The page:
previously did an in-depth profile of the band in his 2000 book Urban Spacemen and Wayfaring Strangers:
Overlooked Innovators and Eccentric Visionaries of ‘60s Rock
), the Chicano
band formed in East Los Angeles while most of the members were still in high
school, playing the covers of the day at the usual teen dance parties,
eventually graduating to the recording studio where they cut their first album,
1965’s Whittier Blvd., which
contained a pair of regional hits, the title track – “a warped mutation of the
Rolling Stones’ ‘2120 South Michigan Avenue’,” is how Unterberger describes it
– and a rousing cover of “Land Of A Thousand Dances.” Armed with the killer
instinct and soulful lead vocals of Willie Garcia (a/k/a Little Willie G, who’d
go on to work with Los Lobos, Ry Cooder, Los Straitjackets and others) and
possessing an uncanny ability to both channel and transcend their influences,
Thee Midniters served up a heady stew, one that was primarily rock and
soul-based but occasionally spiced up with touches of their Mexican-American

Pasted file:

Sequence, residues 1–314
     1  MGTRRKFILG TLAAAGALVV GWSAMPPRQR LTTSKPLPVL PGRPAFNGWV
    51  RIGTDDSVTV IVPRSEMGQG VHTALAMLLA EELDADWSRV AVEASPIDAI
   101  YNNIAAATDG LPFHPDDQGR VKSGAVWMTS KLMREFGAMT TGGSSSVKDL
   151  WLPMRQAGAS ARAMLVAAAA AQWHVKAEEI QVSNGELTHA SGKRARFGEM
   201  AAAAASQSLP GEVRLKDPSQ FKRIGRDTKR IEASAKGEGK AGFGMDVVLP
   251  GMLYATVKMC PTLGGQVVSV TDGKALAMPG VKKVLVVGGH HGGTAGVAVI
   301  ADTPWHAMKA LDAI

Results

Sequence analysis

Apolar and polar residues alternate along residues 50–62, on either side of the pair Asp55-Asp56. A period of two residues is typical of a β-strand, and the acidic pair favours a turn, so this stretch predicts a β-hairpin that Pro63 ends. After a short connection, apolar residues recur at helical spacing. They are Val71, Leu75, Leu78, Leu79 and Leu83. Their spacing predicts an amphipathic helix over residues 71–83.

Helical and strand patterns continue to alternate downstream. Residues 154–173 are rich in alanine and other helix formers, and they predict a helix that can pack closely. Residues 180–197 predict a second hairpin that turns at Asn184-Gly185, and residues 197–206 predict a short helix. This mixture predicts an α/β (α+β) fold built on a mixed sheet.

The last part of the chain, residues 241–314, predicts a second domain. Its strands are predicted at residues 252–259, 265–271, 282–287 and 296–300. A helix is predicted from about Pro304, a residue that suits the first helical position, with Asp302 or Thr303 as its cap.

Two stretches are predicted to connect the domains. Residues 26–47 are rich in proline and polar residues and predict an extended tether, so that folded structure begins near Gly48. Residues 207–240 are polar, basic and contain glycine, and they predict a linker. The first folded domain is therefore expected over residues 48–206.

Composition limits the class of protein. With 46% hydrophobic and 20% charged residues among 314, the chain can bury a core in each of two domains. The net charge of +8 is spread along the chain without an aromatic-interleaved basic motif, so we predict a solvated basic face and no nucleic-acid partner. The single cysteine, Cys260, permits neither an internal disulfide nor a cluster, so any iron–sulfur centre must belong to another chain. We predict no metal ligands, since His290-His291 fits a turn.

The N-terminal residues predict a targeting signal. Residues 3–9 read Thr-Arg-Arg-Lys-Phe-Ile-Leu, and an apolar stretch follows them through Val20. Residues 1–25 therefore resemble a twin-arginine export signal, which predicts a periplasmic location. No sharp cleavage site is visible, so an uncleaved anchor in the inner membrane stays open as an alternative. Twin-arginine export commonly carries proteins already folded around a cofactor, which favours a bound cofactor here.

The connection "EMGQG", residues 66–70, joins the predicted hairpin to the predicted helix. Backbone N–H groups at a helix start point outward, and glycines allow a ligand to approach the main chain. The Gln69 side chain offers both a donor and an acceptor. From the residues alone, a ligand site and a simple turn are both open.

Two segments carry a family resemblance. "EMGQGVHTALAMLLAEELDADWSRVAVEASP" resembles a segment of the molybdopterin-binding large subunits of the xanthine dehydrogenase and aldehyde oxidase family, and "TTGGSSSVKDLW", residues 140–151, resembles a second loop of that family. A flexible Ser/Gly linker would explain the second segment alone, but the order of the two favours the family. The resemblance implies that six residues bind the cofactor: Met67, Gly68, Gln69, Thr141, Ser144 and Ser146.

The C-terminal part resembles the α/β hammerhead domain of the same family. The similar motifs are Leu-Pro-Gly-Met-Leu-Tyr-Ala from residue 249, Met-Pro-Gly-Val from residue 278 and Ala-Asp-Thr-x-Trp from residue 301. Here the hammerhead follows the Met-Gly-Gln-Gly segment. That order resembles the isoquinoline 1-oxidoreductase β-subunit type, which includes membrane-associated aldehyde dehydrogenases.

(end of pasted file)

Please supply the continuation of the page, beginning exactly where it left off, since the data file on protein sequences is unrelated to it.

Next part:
musical heritage (although to this day the surviving musicians will insist that
they were not playing Latin rock per se; they just happened to be Latinos who rocked).


Observes Lobos’ Louie Perez in
Unterberger’s liners, “Thee Midniters didn’t stay in one predictable place.
They were willing to push the envelope of what was expected by a band that was
from East Los Angeles… [They] were the best
band around at the time. They became our Beatles; all the stuff that was going
on in Beatlemania, we translated into Midniter mania. It gave young kids who
would eventually become musicians like myself inspiration to pursue a career in


It’s not hard to hear why, based
on the four complete LPs and assorted B-sides and rarities represented on Complete. The first album primarily
comprises cover tunes, standouts ranging from the swaggering R&B of Marvin
Gaye’s “Stubborn Kind Of Fellow” and street-corner group the Concords’ smooth
“Come Back Baby” to the aforementioned “1000 Dances” and signs-of-the-times
rockers “Slow Down,” “Money” and “Johnny B. Goode”; anyone who grew up on this
material can picture him- or herself crowding down front at the local high
school hop, freed for an hour or two from parental constraints and cutting
loose while going through the rituals of teenage courtship. The bonus material (seven
songs) yields its own trove of gold, including a swinging “Heat Wave” and a
two-part live version of “1000 Dances.”


1966’s Thee Midniters Bring You Love Special Delivery, though, is where
things start to heat up. Still dominating the setlist are covers, notably
smoking takes of “Do You Love Me,” “Good Lovin'” and “Gloria” (the latter has a